Microwave transmission involves the sending and receiving of microwave signals over a microwave link. This microwave link is made up of a string of microwave radio antennas located at the top of towers at various microwave sites.
Microwave Transmission is Considered a 'Line of Site' Technology
Microwave transmission is considered a 'Line of Site' technology. This is because the proper functioning of microwave transmission requires that the airspace between two microwave towers in clear of mountains, buildings, and other objects that could possibly block signals from being intercepted by the towers. Microwave transmission is limited by this need for a clear line of sight, in addition to being susceptible to attenuation by the atmosphere. For these reasons, microwave transmission is only widely used in areas inaccessible by LAN or other transport methods.
Analog or Digital Options with Microwave Transmission
Microwave equipment can be used to transmit both analog and digital microwave signals. Analog microwave transmission is often a more cost-effective solution for microwave site operators because it doesn’t require the purchase of any new equipment, or training staff on new transport systems. An additional benefit of familiar analog microwave transmission is that your operators know its exact transport capacity.
Users of digital microwave transmission find it easier to obtain support and equipment for their systems, because digital transmission is the newest, most advanced form of microwave communication. Digital microwave transmission methods can support more verbose protocols, enabling increased data exchange along the microwave network. The increased speeds will also provide faster microwave system polls.
Monitoring Your Microwave Transmission Equipment Protects Your Reputation
No matter what your microwave transmission method, you need to monitor all of your mission-critical microwave equipment. Monitoring enables you to quickly respond to microwave transmission errors, quickly bringing your network back online to protect your revenues, as well as your reputation with your customers.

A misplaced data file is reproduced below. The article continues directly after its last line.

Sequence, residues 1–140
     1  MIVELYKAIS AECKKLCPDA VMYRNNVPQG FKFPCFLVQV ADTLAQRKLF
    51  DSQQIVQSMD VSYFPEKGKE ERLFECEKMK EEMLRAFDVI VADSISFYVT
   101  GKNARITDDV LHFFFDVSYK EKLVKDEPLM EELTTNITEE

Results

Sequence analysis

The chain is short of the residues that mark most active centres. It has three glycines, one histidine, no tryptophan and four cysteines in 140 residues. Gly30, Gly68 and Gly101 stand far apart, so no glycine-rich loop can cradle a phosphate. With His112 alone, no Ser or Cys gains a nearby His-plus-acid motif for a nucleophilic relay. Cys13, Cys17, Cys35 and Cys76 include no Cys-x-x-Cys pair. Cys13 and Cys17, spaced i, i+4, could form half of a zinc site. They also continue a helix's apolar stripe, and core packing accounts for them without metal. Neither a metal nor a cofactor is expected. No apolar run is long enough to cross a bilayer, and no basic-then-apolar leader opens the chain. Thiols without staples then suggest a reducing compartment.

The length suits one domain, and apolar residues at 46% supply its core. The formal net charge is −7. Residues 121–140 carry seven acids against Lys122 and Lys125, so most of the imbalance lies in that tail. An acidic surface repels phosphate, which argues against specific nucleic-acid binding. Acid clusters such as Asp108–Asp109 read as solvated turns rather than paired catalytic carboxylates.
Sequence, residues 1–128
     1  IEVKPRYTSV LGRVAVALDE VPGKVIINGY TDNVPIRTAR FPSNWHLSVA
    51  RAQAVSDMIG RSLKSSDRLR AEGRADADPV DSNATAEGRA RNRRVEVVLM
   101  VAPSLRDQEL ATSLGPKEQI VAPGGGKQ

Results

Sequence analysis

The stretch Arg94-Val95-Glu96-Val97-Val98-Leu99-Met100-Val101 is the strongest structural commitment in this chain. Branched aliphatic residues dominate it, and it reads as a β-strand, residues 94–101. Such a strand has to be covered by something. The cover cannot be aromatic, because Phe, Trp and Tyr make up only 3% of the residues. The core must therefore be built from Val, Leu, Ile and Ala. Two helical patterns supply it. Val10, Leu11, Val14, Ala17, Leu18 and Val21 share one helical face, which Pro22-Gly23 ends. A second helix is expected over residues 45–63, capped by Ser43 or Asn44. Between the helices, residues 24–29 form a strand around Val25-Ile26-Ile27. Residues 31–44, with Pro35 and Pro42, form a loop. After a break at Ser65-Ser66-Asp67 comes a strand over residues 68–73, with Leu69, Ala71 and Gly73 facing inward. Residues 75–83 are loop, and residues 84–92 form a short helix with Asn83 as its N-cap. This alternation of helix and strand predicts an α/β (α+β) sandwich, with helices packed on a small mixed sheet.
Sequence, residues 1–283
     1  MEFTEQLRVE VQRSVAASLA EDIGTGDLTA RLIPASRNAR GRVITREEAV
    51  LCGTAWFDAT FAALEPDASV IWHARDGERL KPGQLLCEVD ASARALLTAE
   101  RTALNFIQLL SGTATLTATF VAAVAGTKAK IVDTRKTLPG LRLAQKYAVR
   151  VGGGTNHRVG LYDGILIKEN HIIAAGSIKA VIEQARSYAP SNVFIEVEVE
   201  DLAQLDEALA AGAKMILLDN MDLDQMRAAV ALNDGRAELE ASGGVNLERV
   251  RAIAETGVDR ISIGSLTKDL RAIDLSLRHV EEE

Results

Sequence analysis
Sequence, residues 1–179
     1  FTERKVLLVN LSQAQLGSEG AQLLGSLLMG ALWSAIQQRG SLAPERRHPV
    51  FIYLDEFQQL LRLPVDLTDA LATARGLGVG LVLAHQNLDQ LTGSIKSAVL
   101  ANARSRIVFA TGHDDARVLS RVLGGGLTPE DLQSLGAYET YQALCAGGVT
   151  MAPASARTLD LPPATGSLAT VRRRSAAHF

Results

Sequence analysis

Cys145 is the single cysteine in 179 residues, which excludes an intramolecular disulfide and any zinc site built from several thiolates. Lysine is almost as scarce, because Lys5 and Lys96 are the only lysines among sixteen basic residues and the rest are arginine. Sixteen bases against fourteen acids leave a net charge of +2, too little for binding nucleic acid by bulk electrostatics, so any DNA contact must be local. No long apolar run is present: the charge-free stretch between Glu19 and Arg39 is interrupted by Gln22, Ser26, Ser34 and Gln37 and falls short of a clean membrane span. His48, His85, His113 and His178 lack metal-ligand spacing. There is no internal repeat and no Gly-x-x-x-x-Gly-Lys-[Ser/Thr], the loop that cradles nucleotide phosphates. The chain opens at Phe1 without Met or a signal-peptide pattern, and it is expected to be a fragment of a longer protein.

Troubleshoot Your Microwave Transmission Using Ring Polling
Because microwave sites are generally found in a ring formation, you can use your network monitoring system to perform advanced monitoring applications. One such technique for determining the locations of problems is ring polling. This troubleshooting technique will also allow you to continue microwave transmission during a break between individual sites.
Microwave data is sent from site to site sequentially, and can be sent from either side. This is known as 'backhauling'. During a break, you can continue transmitting data by simply sending messages in two directions. This will also allow you to identify where a problem has occurred by identifying at which site the microwave transmission is being stopped.
Safeguard Your Microwave Transmission Equipment with a KDA 864 RTU
The KDA 864 RTU is advanced remote that can be used for your ring polls and other microwave monitoring functions. Packed into a compact, 19-inch unit, the KDA 864 includes 64 alarm points and 8 control points. KDA RTU's can also be connected to up to three additional units to provide you with the maximum point capacity for your microwave sites. The KDA can work with your 202 modems along microwave base bands of 0-4, and FSK modems on 4-8 and 8-12 base bands. With support for a number of different protocols, the KDA 864 will give you the visibility you must have of your microwave transmission equipment.
Deploy a KDA 864 RTU to Protect Your Bottom Line Today
Don't let a major network outage destroy your reputation as a reliable service provider. Deploy a KDA to monitor your microwave transmission devices, and ensure your customers receive the industry-leading network uptime they deserve.
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